Robert Heller of www.thinkingmanagers.com wonders why so few organisations have become truly customer-centric.
Listening is the Key to Excellent Customer Service
There is only one strategy: customer strategy. Product and product-driven strategies are dead – in theory, at least (although in practice they might not have died altogether). Not many businesses, even in retail, let alone sectors further removed from customers, have reinvented themselves to the point of achieving a truly customer-centric business system. This sort of system, in theory, starts with the customer, reworks all processes back from the customer, and aims them towards the achievement of excellence as seen through the customer's eyes.
The purpose of such a system is to obtain a clear understanding of customers so you can give them what they want; how, where and when they want it; at a profitable price that they are willing to pay.
You won't make up for failures on these key strategic elements with marketing. The technology has to support the service, and the product support has to support the promise, but quality must also support the 'customer value proposition', and 'human resources' policies must support the customer focus: i.e., if you want happy customers, get contented staff first. Incremental improvement, moreover, is not sufficient, and neither are excellent systems. You have to serve all three strategic elements above, and not with lip service – which is usually what happens. 'The customer is king' is a noble slogan, used by senior managers in every industry – noble and true in theory, but an ignoble lie in the majority of companies.
Customers are sometimes referred to by executives as though they are some strange and separate breed, described with demeaning phrases like 'punters'. The executives are equally insensitive to their own staff, who are the most important customers of all. These customers are dependent on top management's service for sensible strategic direction, the effective operation of efficient systems, and proactive treatment as humans, rather than 'human resources'.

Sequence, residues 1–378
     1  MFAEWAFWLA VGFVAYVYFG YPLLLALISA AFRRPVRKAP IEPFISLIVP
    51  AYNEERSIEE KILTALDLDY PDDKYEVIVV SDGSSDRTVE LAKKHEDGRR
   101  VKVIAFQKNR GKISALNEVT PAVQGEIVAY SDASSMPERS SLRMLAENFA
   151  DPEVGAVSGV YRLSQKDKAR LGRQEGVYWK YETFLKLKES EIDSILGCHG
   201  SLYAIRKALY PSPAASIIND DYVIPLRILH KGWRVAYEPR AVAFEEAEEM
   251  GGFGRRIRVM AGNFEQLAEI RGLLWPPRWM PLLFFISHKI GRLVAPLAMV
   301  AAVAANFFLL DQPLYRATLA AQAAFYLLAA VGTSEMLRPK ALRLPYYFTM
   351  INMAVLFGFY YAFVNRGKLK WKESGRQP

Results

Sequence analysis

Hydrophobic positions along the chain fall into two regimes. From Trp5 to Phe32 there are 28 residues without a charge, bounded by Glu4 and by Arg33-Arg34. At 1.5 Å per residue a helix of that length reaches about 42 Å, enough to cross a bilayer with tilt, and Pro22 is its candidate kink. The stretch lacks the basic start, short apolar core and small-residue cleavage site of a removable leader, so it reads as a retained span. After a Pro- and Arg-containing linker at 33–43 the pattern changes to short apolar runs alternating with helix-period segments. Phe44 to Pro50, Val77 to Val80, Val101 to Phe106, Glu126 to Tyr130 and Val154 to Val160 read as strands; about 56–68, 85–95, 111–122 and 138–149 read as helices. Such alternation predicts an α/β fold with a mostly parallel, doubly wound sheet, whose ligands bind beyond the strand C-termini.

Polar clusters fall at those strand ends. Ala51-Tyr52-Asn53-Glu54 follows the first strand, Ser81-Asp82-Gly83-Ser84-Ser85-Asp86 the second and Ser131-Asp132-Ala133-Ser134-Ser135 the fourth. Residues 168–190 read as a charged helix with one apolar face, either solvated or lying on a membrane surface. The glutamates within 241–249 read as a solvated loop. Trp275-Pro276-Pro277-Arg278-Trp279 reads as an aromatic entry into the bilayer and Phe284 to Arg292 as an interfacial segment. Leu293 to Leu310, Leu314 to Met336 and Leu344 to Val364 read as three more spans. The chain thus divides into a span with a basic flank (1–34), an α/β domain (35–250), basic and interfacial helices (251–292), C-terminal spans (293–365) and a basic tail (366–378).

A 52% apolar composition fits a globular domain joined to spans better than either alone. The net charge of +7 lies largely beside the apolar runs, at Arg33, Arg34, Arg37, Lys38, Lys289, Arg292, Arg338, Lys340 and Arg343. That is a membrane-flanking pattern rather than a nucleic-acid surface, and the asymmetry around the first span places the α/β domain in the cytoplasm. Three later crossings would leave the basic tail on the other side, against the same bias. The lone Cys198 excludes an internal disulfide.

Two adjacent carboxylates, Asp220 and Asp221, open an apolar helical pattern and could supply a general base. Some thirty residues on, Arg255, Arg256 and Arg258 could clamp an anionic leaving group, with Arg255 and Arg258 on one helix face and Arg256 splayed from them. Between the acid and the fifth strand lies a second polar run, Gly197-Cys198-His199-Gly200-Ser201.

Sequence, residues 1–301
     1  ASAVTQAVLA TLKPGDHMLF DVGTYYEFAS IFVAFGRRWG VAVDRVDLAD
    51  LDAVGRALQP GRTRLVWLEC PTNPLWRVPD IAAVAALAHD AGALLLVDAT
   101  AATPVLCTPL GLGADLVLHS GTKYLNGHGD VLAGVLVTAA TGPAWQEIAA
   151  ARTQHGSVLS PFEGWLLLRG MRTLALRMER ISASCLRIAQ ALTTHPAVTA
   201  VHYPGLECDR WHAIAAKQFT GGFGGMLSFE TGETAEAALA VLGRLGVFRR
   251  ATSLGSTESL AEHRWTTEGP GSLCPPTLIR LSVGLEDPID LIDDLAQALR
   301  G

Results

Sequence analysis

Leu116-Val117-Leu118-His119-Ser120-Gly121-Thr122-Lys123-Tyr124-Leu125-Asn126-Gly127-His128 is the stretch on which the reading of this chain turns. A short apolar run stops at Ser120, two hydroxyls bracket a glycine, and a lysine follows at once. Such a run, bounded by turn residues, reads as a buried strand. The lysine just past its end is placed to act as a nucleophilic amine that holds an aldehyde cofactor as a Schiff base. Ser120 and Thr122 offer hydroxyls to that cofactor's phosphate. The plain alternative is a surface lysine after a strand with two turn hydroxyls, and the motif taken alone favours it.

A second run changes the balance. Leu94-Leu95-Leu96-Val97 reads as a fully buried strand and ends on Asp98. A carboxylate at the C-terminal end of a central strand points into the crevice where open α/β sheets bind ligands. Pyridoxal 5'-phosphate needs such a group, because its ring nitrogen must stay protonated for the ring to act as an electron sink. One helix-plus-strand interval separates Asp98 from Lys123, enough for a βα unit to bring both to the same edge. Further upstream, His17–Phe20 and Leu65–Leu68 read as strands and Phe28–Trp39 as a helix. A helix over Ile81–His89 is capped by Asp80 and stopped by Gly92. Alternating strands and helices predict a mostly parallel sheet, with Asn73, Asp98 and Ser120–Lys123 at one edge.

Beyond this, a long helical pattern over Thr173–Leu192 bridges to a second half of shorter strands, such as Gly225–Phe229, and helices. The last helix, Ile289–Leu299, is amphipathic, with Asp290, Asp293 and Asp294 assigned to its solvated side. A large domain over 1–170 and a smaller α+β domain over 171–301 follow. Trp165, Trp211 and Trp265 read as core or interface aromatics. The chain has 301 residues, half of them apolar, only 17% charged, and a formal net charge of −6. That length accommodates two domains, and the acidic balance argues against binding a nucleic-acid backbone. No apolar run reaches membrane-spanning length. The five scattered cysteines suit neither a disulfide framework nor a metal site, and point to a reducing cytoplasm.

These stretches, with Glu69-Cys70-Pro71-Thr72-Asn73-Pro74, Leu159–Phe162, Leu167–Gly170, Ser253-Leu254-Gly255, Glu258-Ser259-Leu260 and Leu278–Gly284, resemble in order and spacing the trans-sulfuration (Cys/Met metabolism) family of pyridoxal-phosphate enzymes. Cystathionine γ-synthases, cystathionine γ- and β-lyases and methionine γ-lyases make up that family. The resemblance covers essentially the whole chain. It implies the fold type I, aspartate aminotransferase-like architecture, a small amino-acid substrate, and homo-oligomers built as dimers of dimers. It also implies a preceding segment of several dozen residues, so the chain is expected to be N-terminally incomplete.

There is hard statistical evidence establishing a clear link between three types of satisfaction: employee, customer and shareholder. If you satisfy the first then the customers love you more: investors follow suit as sales and profits duly rise. However, many managers, even retailers, whose customers are highly visible, are out of touch with the shop floor. Their absurdities are hatched behind closed doors.
They are impervious to suggestions and criticisms (often powerful) from lower staff, and to the potential huge contribution of middle managers, so they are hardly likely to listen to the customers who are supposed to be like royalty.
Andy Grove, former chairman of Intel, emphasises that internal and external customer complaints are 'a very important source of information'. That's true, and how CEOs answer personally addressed complaints (and whether they do at all) speaks volumes.
Anonymous leaders who delegate customer care to underlings, and never check their performance, are themselves infected by systemic diseases for which only they hold the cure.
That Catch 22 situation is everybody's problem. It can only be solved by really 'giving them what they want', which means finding out what the customer wants in two ways: inspired imagination, which anticipates changing demand for goods and services; and simply 'listening' to the customers. No inspiration is required for this. However, customer perceptions are the essential guide to setting and meeting quality standards and achieving excellence.
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